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Estate Planning

It is a common misconception that estate planning is important for only those with money or who are advanced in age. This myth is a cruel deception.  By investing the time now to plan your estate you could possibly save your loved ones months if not years of agony and literally hundreds of thousands to millions of dollars in court fees and/or estate taxes.

Arranging for the distribution of one's wealth is what estate planning is all about. A critical part of estate planning is creating documents that outline your wishes for distributing your assets after you die. Every individual has an estate plan. If you do not have a formal written will or trust, your estate plan is created out of default by your state.  So the question is not whether you will have an estate plan, but whether you will have an estate plan of your own selection or one imposed upon you by law.

The Living Trust

An inter vivos trust, also known as a Living Trust or a Family Trust is a legal document that holds title or ownership to your real property and assets. When you create a Living Trust, you transfer ownership of your assets to the trust. Transferring assets is typically called "funding." When you transfer title you DO NOT relinquish control. You can still buy, sell, borrow or transfer.

To many the living trust looks a lot like a will. It includes the details and instructions for how you want your estate to be handled at your death. However, unlike a will a properly funded trust:

  • Does not go through probate.
  • Prevents the courts from controlling your assets at incapacity.
  • Gives you control over the assets you leave to your minor children or grandchildren.

For a trust to be effective it has to own title to the property or asset. Remember, when you transfer title of your assets into the trust it is called "Funding your Trust." Funding is the process of transferring the name on accounts or property to the name of the trust. For example, accounts in the name of Bob and Jane Parker, would now be held as "Bob and Jane Parker, Trustees of the Parker Living Trust."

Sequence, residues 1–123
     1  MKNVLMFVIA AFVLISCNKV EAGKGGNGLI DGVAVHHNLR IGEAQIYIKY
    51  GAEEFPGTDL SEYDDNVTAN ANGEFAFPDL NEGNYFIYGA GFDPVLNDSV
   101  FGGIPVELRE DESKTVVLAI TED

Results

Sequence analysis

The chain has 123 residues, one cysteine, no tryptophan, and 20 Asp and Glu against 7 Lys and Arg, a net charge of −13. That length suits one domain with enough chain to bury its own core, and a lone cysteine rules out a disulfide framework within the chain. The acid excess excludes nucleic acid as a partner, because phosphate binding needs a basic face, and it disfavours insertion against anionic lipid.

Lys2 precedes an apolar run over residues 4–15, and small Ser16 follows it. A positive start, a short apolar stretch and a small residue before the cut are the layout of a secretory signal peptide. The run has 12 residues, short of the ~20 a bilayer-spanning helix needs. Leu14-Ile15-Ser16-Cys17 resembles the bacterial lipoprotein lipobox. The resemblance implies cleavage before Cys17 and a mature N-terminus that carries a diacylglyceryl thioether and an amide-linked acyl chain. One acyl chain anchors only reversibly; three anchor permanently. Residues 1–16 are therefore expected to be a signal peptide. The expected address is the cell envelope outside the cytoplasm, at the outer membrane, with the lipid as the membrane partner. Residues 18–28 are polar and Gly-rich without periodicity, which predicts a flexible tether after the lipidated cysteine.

When the assets are in the name of the trust there is no need for probate since the estate is now controlled by the trustee of the trust. You and your spouse can be the primary trustees receiving full control to buy, sell, borrow or transfer in the case of a spouse's death. After both spouses pass, the trust identifies the person who will act as successor trustee. The trust gives that person the right to manage all assets on behalf of your wishes made known in the trust document. Remember, you and your spouse will decide who will manage all affairs.

Multiple Advantages to a Trust

  • If an illness or accident leaves you incapacitated, your successor trustee can handle your financial affairs without the need for a court appointed guardian or conservator.

  • If the beneficiaries of your trust are minor children or others who might not use an inheritance as you intend, the trust can continue to hold the assets until they reach a more mature age.

  • If you own real property in more than one state you can avoid the expense, time and hassle of multiple probate proceedings.

  • By using a trust, a husband and wife can maximize both their federal estate tax exemptions.

There are many other estate planning techniques that address the issue of estate taxes and various end-of-life concerns.  Please contact The Neighbors Law Firm to review your current estate plan.

As part of its streamlined practice, The Neighbors Law Firm is pleased to associate with and accept referrals from other attorneys and financial professionals to efficiently and professionally serve clients throughout all of North Carolina, Tennessee, and Virginia.

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The Neighbors Law Firm, P.C.

2008 The Neighbors Law Firm, P.C.